5. Stir the water quickly for 2 minutes and slowly for 10 to 15 minutes (do
not use metal implements).

6. Leave the bucket undisturbed for one hour or until the water becomes
clear and the impurities have sunk to the bottom.

7. Filter the water through a clean cloth

8. Boil the water before drinking.

Water from varying sources will need different amounts of powder because
of the impurities present will not be the same. Experiments with a jar will
help in working out the correct amount needed.

Both the seeds and the seed powder can be stored but the solution made in
stage 3 should not be stored. It should be freshly made every time water is
to be purified.

Honey and sugar cane juice can also be cleared of impurities using the

Moringa stenopetala seeds have better water purifying properties than

Moringa oleifera.

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Moringa oleifera A multi-purpose tree

Natural medicines
Around the world every part of the Moringa tree has been used effectively
against varying ailments. Some of the remedies are described here but there
is no guarantee they will work for every case!


• Leaves rubbed against the temple can relieve headaches.

• To stop bleeding from a shallow cut, apply a poultice of fresh leaves.

• There is an anti-bacterial and anti-inflammatory effect when applied to

wounds or insect bites.

• Extracts can be used against bacterial or fungal skin complaints.

• Leaf tea treats gastric ulcers and diarrhoea.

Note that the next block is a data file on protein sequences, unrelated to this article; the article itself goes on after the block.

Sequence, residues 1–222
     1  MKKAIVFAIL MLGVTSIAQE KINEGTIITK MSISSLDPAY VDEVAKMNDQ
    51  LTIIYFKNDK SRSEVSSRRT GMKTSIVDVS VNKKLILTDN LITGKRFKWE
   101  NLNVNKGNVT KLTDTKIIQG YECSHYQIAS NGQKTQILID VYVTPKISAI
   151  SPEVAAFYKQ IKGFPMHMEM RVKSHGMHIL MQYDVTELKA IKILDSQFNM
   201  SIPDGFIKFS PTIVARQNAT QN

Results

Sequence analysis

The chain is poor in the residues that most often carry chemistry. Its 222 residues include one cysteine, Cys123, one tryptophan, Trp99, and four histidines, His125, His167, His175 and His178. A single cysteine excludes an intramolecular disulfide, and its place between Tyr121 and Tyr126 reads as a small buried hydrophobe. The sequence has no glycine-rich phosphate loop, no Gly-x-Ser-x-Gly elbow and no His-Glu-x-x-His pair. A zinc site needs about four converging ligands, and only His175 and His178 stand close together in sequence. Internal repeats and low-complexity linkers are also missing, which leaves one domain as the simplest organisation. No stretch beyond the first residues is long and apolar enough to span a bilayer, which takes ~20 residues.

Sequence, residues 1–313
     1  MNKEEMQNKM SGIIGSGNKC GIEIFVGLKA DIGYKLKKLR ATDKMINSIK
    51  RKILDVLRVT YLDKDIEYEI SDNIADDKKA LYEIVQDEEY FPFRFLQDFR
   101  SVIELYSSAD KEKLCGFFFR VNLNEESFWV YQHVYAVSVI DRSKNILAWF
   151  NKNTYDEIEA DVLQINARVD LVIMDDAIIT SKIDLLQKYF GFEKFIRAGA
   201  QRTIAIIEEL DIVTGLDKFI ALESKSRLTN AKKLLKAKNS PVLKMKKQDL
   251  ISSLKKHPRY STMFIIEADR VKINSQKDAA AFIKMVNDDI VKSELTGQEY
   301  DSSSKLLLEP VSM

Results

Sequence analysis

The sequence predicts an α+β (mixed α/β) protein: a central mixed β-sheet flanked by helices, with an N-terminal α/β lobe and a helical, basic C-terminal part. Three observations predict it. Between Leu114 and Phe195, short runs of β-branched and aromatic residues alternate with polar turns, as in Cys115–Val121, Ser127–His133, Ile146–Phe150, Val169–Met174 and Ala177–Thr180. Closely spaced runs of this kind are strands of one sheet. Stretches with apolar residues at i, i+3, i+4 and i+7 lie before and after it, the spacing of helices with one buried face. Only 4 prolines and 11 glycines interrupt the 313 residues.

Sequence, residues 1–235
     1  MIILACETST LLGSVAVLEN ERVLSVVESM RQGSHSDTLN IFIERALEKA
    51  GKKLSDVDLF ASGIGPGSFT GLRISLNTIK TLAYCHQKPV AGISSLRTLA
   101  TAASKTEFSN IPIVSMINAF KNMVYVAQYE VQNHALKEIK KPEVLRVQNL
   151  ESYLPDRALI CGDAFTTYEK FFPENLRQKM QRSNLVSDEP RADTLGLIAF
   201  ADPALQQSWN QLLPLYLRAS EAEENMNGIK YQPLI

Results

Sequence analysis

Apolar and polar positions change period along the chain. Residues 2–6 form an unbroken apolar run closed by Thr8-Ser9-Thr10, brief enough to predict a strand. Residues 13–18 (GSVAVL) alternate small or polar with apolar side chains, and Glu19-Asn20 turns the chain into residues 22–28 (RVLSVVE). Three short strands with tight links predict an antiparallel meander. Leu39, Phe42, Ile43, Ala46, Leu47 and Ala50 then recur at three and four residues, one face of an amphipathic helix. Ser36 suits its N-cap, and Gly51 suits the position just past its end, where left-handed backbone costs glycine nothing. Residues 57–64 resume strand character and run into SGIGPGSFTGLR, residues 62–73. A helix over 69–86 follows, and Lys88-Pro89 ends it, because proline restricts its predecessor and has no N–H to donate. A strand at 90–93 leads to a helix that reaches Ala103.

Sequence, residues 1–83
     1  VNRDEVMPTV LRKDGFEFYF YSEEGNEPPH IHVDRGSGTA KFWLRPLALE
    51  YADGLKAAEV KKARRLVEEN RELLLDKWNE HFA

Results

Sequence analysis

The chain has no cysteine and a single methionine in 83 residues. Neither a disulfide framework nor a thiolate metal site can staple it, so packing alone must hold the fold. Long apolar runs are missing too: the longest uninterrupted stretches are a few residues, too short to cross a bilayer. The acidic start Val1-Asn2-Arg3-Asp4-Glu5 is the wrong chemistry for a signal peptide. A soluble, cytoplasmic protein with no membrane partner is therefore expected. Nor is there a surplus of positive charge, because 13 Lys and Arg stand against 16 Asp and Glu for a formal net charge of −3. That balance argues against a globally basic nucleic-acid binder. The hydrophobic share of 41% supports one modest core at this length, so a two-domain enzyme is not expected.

• Eating Moringa food products is good for those suffering from malnutrition
due to the high protein and fibre content.


• Flower juice improves the quality and flow of mothers’ milk when breast

• Flower juice is useful for urinary problems as it encourages urination.


• If eaten raw, pods act as a de-wormer and treat liver and spleen problems
and pains of the joints.

• Due to high protein and fibre content they can play a useful part in treating
malnutrition and diarrhoea.

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Moringa oleifera A multi-purpose tree


• Used for their antibiotic and anti-inflammatory properties to treat arthritis,

rheumatism, gout, cramp, sexually transmitted diseases and boils. The
seeds are roasted, pounded, mixed with coconut oil and applied to the
problem area. Seed oil can be used for the same ailments.

• Roasted seeds and oil can encourage urination.

• They can also be used as a relaxant for epilepsy.

Roots, bark and gum